Apple Inc., International Business Machines Corp. and Texas Instruments Inc. led dollar-denominated bond sales of $43 billion in the busiest week this year for high-grade technology companies as relative yields narrowed.
Apple, the largest U.S. maker of smartphones, set a record for the biggest corporate bond sale ever with its $17 billion six-part offering on April 30, according to data compiled by Bloomberg. IBM raised $2.25 billion and Texas Instruments sold $1 billion, bringing the number of investment-grade technology issuers in the market to three, the highest this year.
Apple kicked off the rush of issuance when it announced on April 23 that it was planning to raise debt for the first time in almost two decades to help fund a $100 billion capital reward for shareholders. Microsoft Corp., the world’s largest software maker, came to market later that week with a $2.67 billion offering in euros and dollars followed by Texas Instruments, in their first sales this year, and IBM, which obtained record-low coupons on its first sale in three months.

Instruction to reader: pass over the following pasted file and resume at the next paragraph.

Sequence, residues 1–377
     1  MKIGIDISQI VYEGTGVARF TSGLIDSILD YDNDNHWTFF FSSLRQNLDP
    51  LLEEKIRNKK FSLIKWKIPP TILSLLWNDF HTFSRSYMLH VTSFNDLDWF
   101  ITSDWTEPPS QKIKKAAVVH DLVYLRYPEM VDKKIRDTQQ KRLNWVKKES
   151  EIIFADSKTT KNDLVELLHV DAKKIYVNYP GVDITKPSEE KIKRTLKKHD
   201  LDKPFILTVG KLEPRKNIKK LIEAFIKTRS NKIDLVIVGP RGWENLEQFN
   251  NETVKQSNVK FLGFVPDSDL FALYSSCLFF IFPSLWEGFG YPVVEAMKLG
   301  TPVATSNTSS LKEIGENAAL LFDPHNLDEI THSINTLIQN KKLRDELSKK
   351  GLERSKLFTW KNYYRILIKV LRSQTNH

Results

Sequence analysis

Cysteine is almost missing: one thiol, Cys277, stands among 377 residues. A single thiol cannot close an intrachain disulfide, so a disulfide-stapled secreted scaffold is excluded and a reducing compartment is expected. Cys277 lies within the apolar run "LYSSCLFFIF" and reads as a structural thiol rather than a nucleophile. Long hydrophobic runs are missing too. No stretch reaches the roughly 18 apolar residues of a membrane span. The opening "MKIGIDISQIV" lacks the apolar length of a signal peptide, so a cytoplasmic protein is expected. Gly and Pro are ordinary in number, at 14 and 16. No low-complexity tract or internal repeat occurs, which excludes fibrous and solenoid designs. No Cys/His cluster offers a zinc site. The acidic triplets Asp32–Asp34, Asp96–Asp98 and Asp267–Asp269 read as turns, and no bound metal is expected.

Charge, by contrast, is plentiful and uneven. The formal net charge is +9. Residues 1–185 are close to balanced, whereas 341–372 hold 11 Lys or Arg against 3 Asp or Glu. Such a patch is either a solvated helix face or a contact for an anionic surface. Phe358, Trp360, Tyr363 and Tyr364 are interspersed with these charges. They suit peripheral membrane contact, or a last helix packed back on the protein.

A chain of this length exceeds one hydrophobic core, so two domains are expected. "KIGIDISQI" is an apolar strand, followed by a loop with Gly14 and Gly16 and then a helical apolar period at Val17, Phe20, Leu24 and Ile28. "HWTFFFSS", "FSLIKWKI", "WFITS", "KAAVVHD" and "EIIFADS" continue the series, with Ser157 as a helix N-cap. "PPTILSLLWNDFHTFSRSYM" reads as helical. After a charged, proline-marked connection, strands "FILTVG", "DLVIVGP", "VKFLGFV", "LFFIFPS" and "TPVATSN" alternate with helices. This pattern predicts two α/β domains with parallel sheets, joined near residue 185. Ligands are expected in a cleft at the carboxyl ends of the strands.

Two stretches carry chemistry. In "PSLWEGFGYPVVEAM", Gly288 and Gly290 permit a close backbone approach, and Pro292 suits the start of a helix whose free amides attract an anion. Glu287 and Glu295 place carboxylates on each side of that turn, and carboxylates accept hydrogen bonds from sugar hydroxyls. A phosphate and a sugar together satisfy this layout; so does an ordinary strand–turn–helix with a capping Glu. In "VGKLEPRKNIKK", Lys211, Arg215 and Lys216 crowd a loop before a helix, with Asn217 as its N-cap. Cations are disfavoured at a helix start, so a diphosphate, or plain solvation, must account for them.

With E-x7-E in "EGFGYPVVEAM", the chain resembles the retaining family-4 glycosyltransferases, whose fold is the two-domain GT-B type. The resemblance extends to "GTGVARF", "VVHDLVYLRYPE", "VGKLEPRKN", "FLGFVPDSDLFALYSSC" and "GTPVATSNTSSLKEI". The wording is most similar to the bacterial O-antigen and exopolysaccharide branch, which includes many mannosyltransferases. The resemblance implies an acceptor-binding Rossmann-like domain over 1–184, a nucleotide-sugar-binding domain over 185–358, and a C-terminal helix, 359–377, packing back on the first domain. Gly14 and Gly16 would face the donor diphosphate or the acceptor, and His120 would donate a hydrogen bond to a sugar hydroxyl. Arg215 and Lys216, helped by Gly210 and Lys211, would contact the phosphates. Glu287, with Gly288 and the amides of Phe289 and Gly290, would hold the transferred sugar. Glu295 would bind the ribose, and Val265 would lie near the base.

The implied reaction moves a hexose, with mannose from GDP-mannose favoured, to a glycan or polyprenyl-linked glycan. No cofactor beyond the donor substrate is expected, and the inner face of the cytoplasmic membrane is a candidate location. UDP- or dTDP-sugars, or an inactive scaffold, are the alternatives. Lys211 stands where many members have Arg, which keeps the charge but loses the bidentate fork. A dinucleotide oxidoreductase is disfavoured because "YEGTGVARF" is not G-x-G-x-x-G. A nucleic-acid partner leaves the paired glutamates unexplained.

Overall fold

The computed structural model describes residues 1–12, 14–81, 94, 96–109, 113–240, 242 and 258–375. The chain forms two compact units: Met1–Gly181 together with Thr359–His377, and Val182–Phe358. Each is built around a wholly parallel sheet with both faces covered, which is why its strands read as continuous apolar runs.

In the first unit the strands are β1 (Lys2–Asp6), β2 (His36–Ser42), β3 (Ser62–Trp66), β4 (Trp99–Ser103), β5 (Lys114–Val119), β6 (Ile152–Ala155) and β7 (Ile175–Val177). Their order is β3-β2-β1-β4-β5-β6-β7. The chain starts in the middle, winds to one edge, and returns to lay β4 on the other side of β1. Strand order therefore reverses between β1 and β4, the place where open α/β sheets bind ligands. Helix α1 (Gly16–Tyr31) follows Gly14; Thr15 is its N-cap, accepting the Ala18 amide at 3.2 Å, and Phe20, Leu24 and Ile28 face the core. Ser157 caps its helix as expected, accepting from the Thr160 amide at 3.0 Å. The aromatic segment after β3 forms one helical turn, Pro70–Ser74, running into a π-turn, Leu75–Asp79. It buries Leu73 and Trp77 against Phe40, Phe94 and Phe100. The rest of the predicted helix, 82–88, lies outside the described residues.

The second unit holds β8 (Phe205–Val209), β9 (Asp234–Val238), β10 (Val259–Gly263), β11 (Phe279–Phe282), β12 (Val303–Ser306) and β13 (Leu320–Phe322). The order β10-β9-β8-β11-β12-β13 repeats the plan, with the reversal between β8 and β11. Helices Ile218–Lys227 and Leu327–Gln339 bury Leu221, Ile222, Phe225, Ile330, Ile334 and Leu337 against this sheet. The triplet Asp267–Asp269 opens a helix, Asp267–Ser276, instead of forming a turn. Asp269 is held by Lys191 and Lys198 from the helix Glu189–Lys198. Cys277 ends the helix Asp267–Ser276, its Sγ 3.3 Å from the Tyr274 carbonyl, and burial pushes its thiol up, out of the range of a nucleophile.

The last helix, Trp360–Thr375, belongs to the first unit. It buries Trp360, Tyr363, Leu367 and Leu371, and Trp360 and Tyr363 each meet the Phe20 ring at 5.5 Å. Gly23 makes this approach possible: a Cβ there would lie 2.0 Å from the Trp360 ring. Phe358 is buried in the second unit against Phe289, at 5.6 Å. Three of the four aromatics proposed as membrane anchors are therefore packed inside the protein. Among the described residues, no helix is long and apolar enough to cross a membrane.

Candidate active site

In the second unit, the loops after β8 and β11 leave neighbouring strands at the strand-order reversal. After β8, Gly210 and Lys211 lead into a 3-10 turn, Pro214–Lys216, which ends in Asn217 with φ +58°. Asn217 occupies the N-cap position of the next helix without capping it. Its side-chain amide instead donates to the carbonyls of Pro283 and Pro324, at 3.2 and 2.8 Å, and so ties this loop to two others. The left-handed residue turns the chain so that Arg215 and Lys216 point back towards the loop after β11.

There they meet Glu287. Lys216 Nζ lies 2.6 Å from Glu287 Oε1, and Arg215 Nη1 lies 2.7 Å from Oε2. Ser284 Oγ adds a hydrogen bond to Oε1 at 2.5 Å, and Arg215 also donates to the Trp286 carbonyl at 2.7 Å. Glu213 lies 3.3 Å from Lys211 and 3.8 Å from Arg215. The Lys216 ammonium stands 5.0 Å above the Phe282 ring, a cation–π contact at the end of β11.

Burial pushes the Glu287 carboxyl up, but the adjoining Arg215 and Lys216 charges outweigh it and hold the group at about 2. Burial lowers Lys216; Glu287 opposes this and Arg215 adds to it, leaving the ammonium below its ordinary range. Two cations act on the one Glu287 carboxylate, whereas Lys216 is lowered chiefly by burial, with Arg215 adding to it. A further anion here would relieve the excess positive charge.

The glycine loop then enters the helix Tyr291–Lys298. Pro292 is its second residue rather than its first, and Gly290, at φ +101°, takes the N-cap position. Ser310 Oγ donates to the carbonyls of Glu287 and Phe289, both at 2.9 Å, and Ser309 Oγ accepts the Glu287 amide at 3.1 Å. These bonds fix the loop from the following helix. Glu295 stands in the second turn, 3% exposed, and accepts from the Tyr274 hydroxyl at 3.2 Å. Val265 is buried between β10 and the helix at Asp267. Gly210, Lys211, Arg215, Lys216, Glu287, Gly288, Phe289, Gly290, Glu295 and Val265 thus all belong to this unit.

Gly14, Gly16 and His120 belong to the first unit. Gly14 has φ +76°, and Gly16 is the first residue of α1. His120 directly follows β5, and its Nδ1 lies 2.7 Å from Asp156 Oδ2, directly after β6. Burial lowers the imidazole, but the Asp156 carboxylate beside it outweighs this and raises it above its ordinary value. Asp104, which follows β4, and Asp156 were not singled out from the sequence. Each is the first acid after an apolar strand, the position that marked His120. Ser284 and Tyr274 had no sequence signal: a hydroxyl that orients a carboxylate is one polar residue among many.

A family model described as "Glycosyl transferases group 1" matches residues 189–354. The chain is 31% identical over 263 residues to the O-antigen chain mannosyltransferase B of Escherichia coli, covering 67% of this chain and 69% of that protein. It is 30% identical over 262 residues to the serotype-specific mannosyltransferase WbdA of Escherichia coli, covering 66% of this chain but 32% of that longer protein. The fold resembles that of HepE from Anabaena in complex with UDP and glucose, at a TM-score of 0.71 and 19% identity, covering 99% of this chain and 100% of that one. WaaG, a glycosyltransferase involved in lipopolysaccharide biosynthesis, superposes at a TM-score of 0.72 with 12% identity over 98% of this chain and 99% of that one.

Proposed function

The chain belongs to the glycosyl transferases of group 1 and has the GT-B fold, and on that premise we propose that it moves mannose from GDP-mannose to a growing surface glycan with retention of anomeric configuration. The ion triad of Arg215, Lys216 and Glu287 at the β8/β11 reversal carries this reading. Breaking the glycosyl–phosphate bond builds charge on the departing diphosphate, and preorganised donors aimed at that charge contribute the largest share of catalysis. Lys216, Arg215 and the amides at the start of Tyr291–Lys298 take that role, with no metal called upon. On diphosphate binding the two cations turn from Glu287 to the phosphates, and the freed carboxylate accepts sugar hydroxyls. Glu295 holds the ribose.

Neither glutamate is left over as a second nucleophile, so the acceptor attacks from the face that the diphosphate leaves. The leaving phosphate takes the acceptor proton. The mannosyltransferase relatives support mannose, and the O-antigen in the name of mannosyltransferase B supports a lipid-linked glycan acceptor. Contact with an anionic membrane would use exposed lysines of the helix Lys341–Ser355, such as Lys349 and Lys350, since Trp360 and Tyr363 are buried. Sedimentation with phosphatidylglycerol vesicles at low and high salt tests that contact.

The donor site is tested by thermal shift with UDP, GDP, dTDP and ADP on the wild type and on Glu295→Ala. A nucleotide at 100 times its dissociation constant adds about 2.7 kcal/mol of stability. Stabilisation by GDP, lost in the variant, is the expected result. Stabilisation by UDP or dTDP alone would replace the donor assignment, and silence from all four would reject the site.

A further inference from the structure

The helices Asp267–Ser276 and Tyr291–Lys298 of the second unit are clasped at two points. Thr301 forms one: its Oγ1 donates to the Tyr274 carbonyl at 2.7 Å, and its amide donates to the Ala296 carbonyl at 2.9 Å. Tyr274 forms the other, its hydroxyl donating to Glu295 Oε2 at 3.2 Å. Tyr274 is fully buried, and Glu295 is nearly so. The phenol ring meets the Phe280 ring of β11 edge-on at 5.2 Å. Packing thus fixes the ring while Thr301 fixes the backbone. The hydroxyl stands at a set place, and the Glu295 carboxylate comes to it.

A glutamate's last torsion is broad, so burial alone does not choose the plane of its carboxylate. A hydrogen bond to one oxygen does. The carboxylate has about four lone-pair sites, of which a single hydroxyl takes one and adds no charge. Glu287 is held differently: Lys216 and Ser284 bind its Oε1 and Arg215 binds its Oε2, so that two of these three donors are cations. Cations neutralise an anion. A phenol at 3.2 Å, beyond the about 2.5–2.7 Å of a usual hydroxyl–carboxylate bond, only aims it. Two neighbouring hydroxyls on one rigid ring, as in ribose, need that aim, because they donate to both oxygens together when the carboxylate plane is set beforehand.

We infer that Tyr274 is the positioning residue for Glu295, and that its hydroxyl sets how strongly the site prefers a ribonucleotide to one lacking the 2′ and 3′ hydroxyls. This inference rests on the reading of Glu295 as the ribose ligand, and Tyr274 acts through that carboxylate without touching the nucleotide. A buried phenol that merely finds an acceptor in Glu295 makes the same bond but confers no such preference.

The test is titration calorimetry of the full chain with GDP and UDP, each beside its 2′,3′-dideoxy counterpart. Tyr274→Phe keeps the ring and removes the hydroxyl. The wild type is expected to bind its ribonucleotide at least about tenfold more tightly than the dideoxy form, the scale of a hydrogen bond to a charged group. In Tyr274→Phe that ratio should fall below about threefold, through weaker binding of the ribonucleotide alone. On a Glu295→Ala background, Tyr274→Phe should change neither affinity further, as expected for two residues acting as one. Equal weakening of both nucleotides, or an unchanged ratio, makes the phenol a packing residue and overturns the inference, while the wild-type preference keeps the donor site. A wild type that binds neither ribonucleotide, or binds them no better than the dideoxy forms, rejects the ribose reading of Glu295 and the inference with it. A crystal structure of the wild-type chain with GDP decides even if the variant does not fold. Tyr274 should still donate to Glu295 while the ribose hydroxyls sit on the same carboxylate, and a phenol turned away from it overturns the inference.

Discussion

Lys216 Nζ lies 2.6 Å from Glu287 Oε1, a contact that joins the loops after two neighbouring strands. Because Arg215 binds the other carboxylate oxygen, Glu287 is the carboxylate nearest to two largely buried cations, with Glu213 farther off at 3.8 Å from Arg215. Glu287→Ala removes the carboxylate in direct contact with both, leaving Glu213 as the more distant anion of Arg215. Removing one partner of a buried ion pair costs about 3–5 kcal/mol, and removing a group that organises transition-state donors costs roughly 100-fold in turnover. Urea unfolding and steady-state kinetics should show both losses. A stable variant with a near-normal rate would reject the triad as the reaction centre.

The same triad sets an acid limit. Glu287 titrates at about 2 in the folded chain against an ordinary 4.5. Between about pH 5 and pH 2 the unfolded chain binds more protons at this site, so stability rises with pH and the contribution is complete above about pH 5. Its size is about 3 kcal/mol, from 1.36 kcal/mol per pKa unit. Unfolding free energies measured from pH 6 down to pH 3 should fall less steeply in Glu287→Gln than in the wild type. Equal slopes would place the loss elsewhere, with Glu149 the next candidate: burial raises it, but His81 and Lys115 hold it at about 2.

“It definitely wakes you up, because if a competitor of yours is starting to do or change strategies, you’re going to take note,” William Larkin, a fixed-income portfolio manager who helps oversee $500 million at Cabot Money Management Inc., said in a telephone interview from Salem, Massachusetts. “There is always a herd mentality, because it’s how you survive.”
The extra yield investors demand to own corporate bonds rather than government debentures narrowed to 208 basis points as of yesterday from 212 basis points on April 26, according to Bank of America Merrill Lynch index data. Yields decreased to a record-low 3.35 percent from 3.38 percent.
Offerings increased from $39.4 billion last week and were the most since $47.3 billion in the five days ended March 22, Bloomberg data show. Apple’s offering helped push sales in April to $148.6 billion, the most ever for the month in data going back to 1999, and the busiest period since January’s $171 billion.